“Let your gentleness be known to all men. The Lord is at hand.”
“Let your gentleness be known”
“Gentleness” or forbearance means to think grace toward other people. It means to have a gracious mental attitude. A person who thinks grace will not treat people based on what they deserve. If we did, we would be in conflict very quickly. We will constantly knock heads with other people.
Gentleness was a trait of Christ’s character:
“Now I, Paul, myself and pleading with you by the meekness and gentleness of Christ . . .” (2 Cor 10:1).
It is the third of the qualities of God’s wisdom in James 3:17:
“But the wisdom that is from above is first pure, then peaceable, gentle, willing to yield, full of mercy and good fruits, without partiality and without hypocrisy.”
It is a characteristic of a Christian leader (1 Tim 3:3).
The word “known” means having experiential knowledge. Let this forbearance manifest itself in your experience. Don’t hide it; let it out, advertise it. Be noted for your forbearance. May everyone know that the character of your life is to give deference to others. This is foreign to the way the world operates. It may shock them if they see it.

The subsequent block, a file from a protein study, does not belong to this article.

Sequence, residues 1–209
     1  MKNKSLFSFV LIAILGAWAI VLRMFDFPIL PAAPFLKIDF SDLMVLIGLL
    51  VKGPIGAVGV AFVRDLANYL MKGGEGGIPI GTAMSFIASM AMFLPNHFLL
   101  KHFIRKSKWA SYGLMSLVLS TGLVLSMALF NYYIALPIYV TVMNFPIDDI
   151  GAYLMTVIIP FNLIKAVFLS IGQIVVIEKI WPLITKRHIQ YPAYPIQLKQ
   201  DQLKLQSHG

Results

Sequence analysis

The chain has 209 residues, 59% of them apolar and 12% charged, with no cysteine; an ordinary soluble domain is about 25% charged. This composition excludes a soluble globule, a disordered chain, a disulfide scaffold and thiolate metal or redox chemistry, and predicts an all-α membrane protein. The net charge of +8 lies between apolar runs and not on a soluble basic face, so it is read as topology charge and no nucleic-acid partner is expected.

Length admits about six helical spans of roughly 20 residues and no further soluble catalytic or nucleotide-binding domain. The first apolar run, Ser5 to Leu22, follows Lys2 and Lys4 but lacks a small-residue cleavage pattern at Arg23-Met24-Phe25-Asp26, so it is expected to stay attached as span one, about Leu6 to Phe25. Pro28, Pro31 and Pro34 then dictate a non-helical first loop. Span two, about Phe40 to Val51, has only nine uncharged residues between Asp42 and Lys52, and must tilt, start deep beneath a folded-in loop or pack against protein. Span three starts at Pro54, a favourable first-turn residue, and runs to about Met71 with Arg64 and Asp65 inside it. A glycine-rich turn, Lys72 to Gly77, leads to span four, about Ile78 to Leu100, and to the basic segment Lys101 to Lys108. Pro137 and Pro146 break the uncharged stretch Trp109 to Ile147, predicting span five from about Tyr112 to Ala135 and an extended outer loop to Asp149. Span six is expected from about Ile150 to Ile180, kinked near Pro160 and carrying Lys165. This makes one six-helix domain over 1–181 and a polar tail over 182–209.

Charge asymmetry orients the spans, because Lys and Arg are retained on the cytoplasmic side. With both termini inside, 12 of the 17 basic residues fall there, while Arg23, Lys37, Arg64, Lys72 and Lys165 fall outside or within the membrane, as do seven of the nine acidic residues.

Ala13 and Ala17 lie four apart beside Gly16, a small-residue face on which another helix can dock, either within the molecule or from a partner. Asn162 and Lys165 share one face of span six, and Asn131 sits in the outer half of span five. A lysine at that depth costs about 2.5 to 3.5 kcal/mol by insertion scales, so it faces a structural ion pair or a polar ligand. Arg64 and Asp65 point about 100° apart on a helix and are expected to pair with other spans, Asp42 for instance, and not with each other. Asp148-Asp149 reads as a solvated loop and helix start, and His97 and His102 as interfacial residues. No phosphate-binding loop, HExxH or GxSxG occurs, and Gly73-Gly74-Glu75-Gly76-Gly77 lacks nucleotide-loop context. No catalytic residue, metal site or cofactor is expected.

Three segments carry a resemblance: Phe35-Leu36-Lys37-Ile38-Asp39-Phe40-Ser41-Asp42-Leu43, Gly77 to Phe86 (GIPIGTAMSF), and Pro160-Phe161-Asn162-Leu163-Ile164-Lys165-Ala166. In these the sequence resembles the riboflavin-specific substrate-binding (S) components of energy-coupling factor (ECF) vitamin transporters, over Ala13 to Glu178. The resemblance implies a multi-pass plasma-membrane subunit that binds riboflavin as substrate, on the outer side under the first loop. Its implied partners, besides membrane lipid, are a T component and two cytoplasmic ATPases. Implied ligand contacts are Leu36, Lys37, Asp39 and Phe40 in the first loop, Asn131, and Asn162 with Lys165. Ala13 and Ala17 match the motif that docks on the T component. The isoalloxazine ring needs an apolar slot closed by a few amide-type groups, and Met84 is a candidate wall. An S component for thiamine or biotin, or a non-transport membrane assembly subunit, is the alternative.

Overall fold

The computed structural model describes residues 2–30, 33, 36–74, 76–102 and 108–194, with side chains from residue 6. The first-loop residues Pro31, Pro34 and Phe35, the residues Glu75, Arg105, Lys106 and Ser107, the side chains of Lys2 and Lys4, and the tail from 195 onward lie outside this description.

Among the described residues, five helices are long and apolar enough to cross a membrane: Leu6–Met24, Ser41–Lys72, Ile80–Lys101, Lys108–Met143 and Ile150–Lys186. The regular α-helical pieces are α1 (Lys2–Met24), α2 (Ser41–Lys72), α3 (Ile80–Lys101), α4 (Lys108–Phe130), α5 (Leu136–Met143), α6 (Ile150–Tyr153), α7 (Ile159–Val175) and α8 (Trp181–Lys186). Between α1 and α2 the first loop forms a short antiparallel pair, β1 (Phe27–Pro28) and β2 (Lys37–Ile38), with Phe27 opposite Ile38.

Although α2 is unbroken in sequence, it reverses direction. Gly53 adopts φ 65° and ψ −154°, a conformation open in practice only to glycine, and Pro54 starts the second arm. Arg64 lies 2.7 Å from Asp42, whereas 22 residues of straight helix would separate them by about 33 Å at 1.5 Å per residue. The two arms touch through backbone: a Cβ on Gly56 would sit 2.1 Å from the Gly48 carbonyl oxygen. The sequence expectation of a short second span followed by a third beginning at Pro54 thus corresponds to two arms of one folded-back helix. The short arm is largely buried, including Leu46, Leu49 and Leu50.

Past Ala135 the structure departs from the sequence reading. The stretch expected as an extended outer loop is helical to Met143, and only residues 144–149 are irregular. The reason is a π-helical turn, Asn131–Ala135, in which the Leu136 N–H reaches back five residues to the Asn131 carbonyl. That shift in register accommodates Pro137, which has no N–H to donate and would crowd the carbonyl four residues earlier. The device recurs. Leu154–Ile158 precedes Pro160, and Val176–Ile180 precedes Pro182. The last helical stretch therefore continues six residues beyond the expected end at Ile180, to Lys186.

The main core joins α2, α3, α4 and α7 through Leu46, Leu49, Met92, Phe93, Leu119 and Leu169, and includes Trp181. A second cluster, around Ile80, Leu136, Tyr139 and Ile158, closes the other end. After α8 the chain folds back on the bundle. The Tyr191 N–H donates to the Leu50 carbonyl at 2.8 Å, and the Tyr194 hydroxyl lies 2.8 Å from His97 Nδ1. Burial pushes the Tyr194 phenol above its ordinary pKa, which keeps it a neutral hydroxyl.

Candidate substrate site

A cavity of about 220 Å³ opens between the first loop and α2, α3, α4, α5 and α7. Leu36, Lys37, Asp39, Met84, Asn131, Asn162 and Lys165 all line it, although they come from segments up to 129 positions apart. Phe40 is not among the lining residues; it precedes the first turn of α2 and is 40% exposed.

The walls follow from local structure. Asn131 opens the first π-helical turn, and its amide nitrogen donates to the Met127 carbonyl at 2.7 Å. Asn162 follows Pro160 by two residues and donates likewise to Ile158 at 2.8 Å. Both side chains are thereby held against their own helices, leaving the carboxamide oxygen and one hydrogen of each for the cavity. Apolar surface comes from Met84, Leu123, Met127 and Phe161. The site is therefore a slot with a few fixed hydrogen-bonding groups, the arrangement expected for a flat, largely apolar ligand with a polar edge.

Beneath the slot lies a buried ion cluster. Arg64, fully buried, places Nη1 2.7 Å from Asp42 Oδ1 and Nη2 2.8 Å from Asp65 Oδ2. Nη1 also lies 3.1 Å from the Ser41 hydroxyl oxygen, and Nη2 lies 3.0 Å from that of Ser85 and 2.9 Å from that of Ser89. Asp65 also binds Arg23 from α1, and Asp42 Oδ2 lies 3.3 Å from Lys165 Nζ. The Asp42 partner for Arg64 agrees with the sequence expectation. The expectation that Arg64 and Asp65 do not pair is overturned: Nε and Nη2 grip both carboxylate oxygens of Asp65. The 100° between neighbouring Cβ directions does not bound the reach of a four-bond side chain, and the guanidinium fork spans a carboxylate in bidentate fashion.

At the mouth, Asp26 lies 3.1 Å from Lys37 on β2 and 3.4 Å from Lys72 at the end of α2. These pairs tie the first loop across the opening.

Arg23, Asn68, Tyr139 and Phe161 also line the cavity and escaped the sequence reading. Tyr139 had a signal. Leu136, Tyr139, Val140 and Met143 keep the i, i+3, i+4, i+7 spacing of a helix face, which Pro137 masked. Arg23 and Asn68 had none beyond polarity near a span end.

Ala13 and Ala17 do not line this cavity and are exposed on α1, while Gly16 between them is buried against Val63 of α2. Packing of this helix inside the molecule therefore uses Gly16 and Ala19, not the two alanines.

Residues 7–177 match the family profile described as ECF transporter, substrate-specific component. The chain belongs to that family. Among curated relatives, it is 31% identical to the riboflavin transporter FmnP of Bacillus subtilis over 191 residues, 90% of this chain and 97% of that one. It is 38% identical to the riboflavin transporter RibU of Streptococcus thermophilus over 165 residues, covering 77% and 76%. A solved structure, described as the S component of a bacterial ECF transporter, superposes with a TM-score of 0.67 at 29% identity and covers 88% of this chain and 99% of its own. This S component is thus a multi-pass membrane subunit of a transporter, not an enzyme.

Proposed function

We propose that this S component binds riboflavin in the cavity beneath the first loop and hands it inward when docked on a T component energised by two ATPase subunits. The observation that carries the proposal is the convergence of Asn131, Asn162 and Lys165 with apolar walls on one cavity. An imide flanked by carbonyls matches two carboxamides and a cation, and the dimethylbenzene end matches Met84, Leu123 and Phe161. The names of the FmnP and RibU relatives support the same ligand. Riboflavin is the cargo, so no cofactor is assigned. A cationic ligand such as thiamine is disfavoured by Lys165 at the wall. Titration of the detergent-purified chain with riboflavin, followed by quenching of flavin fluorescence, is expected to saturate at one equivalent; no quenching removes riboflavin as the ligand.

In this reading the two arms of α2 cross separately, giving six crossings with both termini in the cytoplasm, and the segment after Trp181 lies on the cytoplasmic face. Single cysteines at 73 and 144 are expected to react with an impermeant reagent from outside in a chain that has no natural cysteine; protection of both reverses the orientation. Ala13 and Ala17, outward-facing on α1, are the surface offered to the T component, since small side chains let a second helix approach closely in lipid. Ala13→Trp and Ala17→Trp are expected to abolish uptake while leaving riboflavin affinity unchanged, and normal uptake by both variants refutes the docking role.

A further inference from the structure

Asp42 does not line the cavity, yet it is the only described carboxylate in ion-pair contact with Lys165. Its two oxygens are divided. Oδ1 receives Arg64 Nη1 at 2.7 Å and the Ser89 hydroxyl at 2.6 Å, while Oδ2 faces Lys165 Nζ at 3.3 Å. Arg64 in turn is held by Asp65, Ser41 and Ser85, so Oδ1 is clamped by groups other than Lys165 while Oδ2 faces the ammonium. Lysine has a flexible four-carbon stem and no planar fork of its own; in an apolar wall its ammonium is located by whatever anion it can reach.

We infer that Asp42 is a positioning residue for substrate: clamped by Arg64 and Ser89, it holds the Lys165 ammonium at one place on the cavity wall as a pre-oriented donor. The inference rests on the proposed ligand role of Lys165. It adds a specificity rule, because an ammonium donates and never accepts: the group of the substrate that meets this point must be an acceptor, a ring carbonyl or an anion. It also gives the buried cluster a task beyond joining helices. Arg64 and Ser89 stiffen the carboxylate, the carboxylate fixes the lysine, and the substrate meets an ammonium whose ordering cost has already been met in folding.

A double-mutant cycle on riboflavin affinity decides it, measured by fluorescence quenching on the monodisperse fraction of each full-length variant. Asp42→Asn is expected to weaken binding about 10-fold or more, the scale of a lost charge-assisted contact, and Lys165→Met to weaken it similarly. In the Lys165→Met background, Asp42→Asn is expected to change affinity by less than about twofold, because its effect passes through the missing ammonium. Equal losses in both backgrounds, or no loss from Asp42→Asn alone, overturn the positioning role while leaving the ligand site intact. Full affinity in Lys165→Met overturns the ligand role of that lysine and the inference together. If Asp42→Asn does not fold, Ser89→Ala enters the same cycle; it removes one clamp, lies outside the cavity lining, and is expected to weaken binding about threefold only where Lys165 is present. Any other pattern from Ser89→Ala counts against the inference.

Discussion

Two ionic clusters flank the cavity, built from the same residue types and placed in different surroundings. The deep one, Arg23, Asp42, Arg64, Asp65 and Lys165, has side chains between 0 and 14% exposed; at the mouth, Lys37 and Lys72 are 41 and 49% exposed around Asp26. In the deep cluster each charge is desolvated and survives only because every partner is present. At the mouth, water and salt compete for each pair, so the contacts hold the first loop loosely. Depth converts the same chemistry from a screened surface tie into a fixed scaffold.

“I don’t mind working in that department, but I won’t work with her.” “I’ll work here, but I won’t work with him. He is too sticky. He wears his feelings on his sleeve.” If you are the kind of person people must carry around on a pillow because you bruise easily, you are a baby Christian.
“to all men”
It is one thing to release our rights to some people, but it is another thing to relinquish them to “all men.” A spirit that does not demand its own way disarms others. Most people in our day believe in the strong arm, the power to influence. Non-Christians can be agreeable if, if, if they have their own way. If you cross him—look out. Sad to say, many Christians act just like them.
God wants us to make known to others our attitude of giving deference to other people.
Deference is a gracious mental attitude. Are you a reasonable person? Maybe you are an obstinate individual? A “forbearing” person is fair and goes beyond the letter of the law. The grace of giving up one’s rights for a greater cause will resolve conflict in the church. Someone took the initiative. Someone was willing to yield for the sake of the ministry. Are we willing to look at a problem from the other person’s point of view? Are we willing to give up our rights out of deference and love? This is the exact opposite of the contention and self-seeking of Euodia and Syntyche. They harshly reacted to each other.